Fiske said that no definite itinerary has been laid out for Tapit this winter, and that "anything is a possibility at this point."

"He could shoot for the Fountain of Youth if everything goes right with him," said Fiske. "He's also eligible for a second-level allowance race, and that could be an option, too. He can be a bit of a handful to train so Michael might have to do something with him before too long."

Swale a possibility for Cuvee

Fiske reported that Cuvee, who is also owned by Winchell, went back to the track Friday for the first time since finishing 12th as the 8-5 favorite in the Breeders' Cup Juvenile. Cuvee, a son of Carson City, won 4 of 6 starts at 2, including the Grade 1 Belmont Futurity.

"His vacation ended this morning [Friday]," said Fiske. "We took a chip out of his knee after the Breeders' Cup and he's currently with Steve [Asmussen] at the Fair Grounds, although there's a good possibility he could also show up in Florida this winter."

Fiske said it is uncertain whether Cuvee will be put on the Kentucky Derby trail or on more of a sprint program. He said Asmussen had originally considered bringing Cuvee back in time for the Grade 3, seven-furlong Swale Stakes at Gulfstream on March 13, but he is not sure if he'll be ready in time.

"We're not certain what direction to take with him yet," said Fiske. "Steve brought Posse to Gulfstream to run in the Swale last winter and felt the surface there might be to Cuvee's liking. Even though he's an easy horse to train and does get fit quickly, it might be pushing it just a bit to make that race. It will all depends on how he trains and comes back from the surgery."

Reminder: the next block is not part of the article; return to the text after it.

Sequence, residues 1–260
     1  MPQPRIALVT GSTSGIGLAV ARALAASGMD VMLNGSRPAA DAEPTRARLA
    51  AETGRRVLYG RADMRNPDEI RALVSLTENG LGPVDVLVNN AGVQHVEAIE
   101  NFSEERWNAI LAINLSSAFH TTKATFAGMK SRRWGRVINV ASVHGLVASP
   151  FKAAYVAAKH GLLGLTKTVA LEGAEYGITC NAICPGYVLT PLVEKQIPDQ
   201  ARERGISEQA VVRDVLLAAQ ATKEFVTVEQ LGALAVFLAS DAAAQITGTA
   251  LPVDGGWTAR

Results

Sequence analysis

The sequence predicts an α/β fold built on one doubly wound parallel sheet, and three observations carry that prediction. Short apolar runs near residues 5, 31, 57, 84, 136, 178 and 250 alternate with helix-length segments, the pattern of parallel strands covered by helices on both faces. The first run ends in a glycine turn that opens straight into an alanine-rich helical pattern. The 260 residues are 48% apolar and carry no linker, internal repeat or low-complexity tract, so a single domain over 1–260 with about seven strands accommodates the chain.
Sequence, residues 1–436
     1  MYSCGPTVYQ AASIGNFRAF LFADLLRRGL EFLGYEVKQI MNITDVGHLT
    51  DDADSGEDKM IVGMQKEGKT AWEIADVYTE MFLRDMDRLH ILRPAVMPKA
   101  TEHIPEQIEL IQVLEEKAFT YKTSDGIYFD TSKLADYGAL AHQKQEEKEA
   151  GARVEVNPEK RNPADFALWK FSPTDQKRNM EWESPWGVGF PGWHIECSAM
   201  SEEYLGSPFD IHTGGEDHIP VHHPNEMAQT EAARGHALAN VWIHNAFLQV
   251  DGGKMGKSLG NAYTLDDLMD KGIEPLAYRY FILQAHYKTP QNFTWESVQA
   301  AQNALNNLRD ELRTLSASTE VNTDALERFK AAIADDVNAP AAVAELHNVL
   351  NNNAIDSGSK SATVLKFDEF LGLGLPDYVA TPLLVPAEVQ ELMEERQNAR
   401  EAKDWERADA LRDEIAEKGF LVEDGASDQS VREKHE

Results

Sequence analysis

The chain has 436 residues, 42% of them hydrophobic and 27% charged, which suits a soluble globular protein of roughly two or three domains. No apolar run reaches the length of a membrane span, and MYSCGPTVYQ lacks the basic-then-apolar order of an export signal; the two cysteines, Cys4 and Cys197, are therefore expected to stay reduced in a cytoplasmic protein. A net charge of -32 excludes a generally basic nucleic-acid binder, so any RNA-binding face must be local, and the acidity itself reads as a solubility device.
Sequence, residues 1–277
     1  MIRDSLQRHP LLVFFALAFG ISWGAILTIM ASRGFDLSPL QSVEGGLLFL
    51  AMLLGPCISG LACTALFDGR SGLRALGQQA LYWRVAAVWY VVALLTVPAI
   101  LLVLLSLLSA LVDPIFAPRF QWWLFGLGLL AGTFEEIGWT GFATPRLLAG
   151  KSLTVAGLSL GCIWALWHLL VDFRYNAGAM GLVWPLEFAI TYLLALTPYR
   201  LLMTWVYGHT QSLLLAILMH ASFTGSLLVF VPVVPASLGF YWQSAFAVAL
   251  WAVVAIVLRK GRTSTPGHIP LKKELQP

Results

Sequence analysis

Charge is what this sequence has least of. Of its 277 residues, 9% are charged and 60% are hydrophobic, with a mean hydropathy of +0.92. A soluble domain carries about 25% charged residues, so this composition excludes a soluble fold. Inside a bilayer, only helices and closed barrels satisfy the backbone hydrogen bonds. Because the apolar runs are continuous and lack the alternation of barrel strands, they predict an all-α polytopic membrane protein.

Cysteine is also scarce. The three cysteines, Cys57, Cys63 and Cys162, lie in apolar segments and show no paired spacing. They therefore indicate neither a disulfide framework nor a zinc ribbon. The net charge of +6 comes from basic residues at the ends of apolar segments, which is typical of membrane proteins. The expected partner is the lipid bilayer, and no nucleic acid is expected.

Only 15 nominees for Bid

The first 3-year-old stakes of the meet, the six-furlong Spectacular Bid, scheduled for Jan. 10, drew only 15 nominations. In previous years, the Grade 3 Spectacular Bid had been part of the Florida Derby series, and all horses nominated for the Florida Derby were also eligible for the Spectacular Bid. But this winter, racing secretary Dave Bailey replaced the Spectacular Bid in the series with the Swale.

"I decided to make a change because I was afraid the Swale was in jeopardy of losing its graded status," said Bailey.

Among the main contenders nominated to the Spectacular Bid is the Calder-based Wynn Dot Comma, who won his first four starts before dropping a one-length decision to the undefeated Sir Oscar in the seven-furlong Jack Price Juvenile in his 2-year-old finale.